In all the whole thing cost about $20. Here's how I made it and what I would do differently next time...
Step 1: Frame
The amount of pipe depends on the width of your window. Mine window was about 5' wide, so a 6' wide frame was selected. A main reason 6' was chosen -- I'll say this now -- is that the awning material (canvas drop cloth) is available in a 6' width.
I would not make the awning much bigger than this without more frame support structures. A 3' gap (like mine) is about the maximum I would recommend. I base this on having watched how it handled windy days.
Don't use solvent/cement yet. You can dry-fit parts for now.
Step 2: Awning Material
So I wanted a little flap to overhang from the front of the awning. Your choice if you don't. Form the drop cloth into an inside-out loop as shown. The drop cloth has a plastic backing; this should be facing out. If you're good with a sewing machine, great! I'm not. I took this to a neighborhood alterations place. They sewed it for me for $7.
When done, you can invert it to canvas-side out.
Step 3: Slide Canvas Onto Frame
Add the mounting elbows (shown in the last pic) but do not glue these yet.
Step 4: Tack the Canvas to the Frame and Mount the Top Portion
With the canvas tacked, the next step is to hang the awning from the top. For this you need to have used T's on the upper corners. The small portion of the T that extends from the canvas is used to hold the awning in place. Go to the electrical aisle and get 3/4" conduit clamps. I primed and painted mine to match the house color. (I had the spray paint already.)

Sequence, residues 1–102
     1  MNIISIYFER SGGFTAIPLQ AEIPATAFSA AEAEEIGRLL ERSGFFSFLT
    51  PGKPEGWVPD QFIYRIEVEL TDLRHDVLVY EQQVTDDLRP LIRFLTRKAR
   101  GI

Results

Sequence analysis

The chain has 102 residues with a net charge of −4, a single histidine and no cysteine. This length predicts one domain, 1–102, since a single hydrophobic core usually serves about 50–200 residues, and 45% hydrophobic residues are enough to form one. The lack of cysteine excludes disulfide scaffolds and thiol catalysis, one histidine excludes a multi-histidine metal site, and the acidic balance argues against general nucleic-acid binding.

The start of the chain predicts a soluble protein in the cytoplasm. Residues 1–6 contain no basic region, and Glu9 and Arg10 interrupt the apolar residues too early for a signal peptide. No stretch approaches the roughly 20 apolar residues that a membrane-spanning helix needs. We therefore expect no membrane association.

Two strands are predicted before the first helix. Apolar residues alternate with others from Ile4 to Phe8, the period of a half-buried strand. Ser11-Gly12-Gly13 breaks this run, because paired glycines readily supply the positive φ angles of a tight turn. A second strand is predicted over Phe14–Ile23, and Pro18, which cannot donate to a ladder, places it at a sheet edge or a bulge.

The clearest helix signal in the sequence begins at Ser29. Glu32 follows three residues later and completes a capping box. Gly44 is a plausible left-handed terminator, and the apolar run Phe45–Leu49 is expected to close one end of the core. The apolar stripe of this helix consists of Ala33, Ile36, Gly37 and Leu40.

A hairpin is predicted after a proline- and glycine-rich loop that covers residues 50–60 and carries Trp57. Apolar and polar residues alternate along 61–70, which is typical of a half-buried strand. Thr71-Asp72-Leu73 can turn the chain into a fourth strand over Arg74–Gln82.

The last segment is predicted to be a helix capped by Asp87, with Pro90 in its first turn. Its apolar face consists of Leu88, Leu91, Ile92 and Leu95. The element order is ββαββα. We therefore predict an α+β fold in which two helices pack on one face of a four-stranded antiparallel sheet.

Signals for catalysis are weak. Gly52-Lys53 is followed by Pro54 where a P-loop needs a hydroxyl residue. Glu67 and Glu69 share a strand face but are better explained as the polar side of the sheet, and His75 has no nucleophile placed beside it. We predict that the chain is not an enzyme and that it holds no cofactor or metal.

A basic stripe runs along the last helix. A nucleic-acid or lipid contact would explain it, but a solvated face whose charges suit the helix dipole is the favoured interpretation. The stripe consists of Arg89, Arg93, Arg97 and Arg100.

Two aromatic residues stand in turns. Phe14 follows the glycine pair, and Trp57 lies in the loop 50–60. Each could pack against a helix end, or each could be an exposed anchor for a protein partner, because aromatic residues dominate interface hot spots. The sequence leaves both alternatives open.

Use #8 pan head screws, about 1". I did not use stainless here either.
The awning should hang straight down.
Step 5: Add the Support Brace
The support brace on each side is similar to the top mounting brace. I did not glue this piece. I think the dry fit is tight enough so that the whole assembly is going nowhere even in a stiff wind. I think I recall one time when one side came off. Your choice if you want to glue it. I didn't.
Step 6: That's It!
What to change, depending on how long you want the awning to last:
- Use a mildew-resistant cloth. The drop cloth mildewed after a month or so. I sprayed some dilute bleach solution, and that helped, but I think I waited too long. (The bleach also probably accelerated the corrosion of the carpet tacks.) I live in a hot & humid climate; if you live in a hot & dry climate this may not be an issue for you.
- Use corrosion resistant tacks.